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Throughout January at FindBiometrics, we are dissecting the results of our 12th annual industry Year in Review survey. The data, gathered from over 150 professionals and identity experts, is intended to present how the identity management industry saw the previous year and what we should all be keeping in mind as time marches on.
Last week we looked at the vertical markets that our experts are most excited about heading into 2015, and the week before that we examined the hottest areas in biometrics for 2014. Now we will be focusing on the present by trying to understand what the greatest challenges are for the identity management industry.
As connectivity continues to grow and users find their online identities fractured between increasingly numerous public and private accounts, each one demanding different permissions on collecting and sharing personal data, it is no wonder that privacy is being pushed to the front of everyone’s mind. Biometric technology is not an exempt topic in this critical discussion, and unfortunately said topic is filled with friction.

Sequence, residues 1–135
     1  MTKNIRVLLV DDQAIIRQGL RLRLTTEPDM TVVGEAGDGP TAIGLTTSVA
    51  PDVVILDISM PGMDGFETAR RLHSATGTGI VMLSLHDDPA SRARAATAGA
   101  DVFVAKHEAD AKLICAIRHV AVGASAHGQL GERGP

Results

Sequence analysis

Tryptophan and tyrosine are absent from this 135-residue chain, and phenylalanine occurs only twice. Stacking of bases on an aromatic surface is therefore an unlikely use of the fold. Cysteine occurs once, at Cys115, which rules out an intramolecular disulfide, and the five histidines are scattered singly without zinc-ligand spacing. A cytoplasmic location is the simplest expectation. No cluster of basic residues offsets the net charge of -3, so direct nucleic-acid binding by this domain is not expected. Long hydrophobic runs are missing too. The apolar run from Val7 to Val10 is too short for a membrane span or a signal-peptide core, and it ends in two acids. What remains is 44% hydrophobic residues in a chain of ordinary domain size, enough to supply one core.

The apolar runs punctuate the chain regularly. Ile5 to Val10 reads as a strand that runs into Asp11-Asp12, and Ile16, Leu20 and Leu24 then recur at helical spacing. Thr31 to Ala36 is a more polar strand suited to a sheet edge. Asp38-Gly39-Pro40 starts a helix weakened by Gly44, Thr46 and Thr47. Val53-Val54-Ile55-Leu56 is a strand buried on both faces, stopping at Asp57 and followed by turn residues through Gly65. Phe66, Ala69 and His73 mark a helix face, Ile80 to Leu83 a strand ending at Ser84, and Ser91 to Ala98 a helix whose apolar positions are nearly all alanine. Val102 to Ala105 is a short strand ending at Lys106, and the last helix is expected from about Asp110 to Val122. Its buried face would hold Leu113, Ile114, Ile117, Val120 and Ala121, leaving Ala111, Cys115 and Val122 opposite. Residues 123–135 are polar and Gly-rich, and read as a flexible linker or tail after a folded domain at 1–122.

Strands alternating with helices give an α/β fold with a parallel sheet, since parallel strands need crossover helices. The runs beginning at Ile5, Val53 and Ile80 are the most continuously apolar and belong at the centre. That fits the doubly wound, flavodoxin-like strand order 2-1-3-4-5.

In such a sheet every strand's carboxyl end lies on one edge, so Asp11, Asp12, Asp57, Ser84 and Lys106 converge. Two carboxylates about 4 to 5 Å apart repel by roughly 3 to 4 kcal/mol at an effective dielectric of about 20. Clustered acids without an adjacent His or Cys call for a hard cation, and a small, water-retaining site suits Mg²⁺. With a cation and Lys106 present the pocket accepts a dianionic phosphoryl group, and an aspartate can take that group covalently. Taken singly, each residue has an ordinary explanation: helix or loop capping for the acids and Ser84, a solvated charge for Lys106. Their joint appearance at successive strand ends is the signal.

Whether it involved the controversial application of facial recognition and mobile tech, like the Google Glass app that moved Senator Al Franken to write a letter to Facial Network, or it resulted in the banning of biometrics in schools, conversations about privacy and biometrics in 2014 were dramatic to say the least.
Moving forward, it is absolutely in the industry’s best interest to keep the privacy discussion moving, lest panic take hold and hamper the public’s willingness to adopt the strong authentication methods necessary to move beyond passwords and PINs.
FindBiometrics helped facilitate this challenging dialogue twice in 2014, with our privacy webinar featuring a dialogue between representatives from the IBIA and the ACLU and at Biometrics UnPlugged where we bought advocacy groups and academics concerned with privacy into conversation with the biometrics industry’s brightest minds.